A deficient pathway in the reduction of methemoglobin to haemoglobin plays a hand in the pathophysiology of methemoglobinemia [7]. Without oxygen cells and tissues become hypoxic and can die off if the condition is not reversed. When cells of the cardiac and neurological system begin to die off, symptoms such as bluish colouring of the skin, seizures, and shortness of breath can occur. At methemoglobin levels beyond 15%, cardiac and neurologic signs wills start to surface while levels above 70% may no longer be compatible with life [8].

Types

Hereditary methemoglobinemia is passed down from a parent. In this type, there are two subtypes. In the first type red blood cells lack the necessary enzyme cytochrome b5 reductase. In the second type the enzyme is present but does not work in the body as it should.

Prevention

Methemoglobinemia is a complex condition. Acquired methemoglobinemia cannot typically be predicted and prevented ahead of time. Hereditary methemoglobinemia can be potentially prevented through genetic counselling for couples with a family history of methemoglobinemia who are considering having children of their own.

Summary

Methemoglobinemia is a disorder of the blood where methemoglobin, which is a type of hemoglobin, is found in abnormally high amounts in the blood. Anything over one percent is considered to be a high concentration of methemoglobin. Hemoglobin’s important task is distributing oxygen to the cells of the body.

Methemoglobin, however, cannot release oxygen, which results in less oxygen getting to vital organs and tissues, resulting in hypoxia, meaning the cells are not getting enough oxygen to function properly, and are at risk of dying due to this complication.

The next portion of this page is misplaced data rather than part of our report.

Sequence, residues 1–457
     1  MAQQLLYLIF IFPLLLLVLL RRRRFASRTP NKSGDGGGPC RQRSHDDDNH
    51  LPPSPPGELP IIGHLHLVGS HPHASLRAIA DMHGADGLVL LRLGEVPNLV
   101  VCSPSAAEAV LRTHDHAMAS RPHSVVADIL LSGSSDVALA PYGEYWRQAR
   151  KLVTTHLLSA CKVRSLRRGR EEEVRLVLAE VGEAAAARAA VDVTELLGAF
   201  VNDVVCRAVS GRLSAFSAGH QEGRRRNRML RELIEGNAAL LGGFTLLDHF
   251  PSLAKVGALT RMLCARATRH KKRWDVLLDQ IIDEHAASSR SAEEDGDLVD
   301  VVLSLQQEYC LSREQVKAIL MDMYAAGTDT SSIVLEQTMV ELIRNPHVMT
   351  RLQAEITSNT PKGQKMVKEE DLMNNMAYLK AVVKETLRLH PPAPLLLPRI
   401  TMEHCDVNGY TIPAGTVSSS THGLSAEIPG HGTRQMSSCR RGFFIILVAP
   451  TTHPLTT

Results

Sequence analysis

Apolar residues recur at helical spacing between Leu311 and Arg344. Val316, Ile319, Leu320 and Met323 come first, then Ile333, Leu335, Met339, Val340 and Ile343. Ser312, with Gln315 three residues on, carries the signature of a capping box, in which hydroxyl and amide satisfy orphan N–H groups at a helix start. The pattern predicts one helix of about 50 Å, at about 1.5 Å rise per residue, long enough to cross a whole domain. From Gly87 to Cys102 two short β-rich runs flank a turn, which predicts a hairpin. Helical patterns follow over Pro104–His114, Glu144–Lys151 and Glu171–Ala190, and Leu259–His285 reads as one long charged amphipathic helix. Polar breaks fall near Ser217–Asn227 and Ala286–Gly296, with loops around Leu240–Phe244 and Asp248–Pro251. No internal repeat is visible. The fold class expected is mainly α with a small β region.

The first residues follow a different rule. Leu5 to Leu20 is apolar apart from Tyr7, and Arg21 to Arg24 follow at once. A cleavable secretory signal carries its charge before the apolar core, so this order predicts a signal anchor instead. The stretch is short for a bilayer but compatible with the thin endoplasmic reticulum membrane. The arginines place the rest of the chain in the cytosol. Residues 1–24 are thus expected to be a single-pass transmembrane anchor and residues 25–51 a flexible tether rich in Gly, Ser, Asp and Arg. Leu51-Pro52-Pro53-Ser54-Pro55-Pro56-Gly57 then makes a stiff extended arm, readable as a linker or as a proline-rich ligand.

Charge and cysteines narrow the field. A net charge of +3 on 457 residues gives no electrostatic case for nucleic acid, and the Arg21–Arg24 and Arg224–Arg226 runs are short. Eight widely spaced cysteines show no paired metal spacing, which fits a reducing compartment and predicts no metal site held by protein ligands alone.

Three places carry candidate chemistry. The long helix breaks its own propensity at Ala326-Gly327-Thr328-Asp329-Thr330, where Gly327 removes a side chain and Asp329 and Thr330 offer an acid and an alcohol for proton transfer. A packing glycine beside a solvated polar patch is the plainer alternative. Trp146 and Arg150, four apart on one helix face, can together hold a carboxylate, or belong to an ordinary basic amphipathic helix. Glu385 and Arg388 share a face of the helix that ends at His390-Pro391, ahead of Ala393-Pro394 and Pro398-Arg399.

Symptoms are proportional to the percentage of methemoglobin. Generally, above the level of 15% patients experience cardiac and neurological symptoms and levels over 70% tend to be fatal.

Patient Information

Definition

Methemoglobinemia is clinical disease where methemoglobin levels are abnormally high in the blood stream.

Cause

Methemoglobinemia can be acquired through exposure with medications like anaesthetics, dapsone, dyes and other compounds. An autosomal-recessive gene causing cytochrome P5 reductase deficiency is the cause of inherited methemoglobinemia.

Symptoms

Cyanosis, headache, fatigue, seizures, mental retardation, and failure to thrive among infants may occur.

Diagnosis

Methemoglobin is confirmed by arterial blood gas (ABG) studies and pulse oximetry.

Treatment and follow-up

Patients suffering from severe methemoglobinemia can benefit from the administration of methylene blue dyes that reverses the methemoglobin in the system. Special precautions are taken for G6PD patients for they are unable to metabolize the dye.

References

Article

  1. Grauer SE, Giraud GD. Toxic methemoglobinemia after topical anesthesia for transesophageal echocardiography. J Am Soc Echocardiogr. Nov-Dec 1996;9(6):874-6
  2. Ward KE, McCarthy MW. Dapsone-induced methemoglobinemia. Ann Pharmacother. May 1998; 32(5):549-53.
  3. Moseley M, Oenning V, Melnik G. Methemoglobinemia. American Journal of Nursing. 1999; 5:47.
  4. McGinley, L., Gornichec, R. Methemoglobinemia: A Bariatric Case Study. Bariatric Nursing and Surgical Patient Care. 2007: 2: 291-294
  5. Hoffman R, Benz E, Shattil S, Furie B, Cohen H, eds. Hematology Basic Principles and Practice. 4th ed. New York, NY: Churchill Livingstone; 2005:650-7.
  6. Emergency Medicine: Concepts and Clinical Practice [book on CD-ROM]. 4th ed. St Louis, Mo: Mosby-Year Book; 1997. Curry S. Methemoglobinemia. In: Rosen P, Barkin R, Danzl DF, et al, eds
  7. Mansouri A, Lurie AA. Concise review: methemoglobinemia. Am J Hematol. Jan 1993;42(1):7-12
  8. Do Nascimento TS, Pereira RO, de Mello HL, Costa J. Methemoglobinemia: from diagnosis to treatment. Rev Bras Anestesiol. Nov-Dec 2008; 58(6):657-64, 651-7.
  9. Lavezzi AM, Mohorovic L, Alfonsi G, Corna MF, Matturri L. Brain iron accumulation in unexplained fetal and infant death victims with smoker mothers--the possible involvement of maternal methemoglobinemia. BMC Pediatr. Jul 6 2011; 11:62.
  10. Encyclopedia Britannica Inc. Metheglobinemia. Encyclopedia Britannica Online Academic Edition. 2014. Accessed September 9, 2014

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Last updated: 2018-06-22 06:32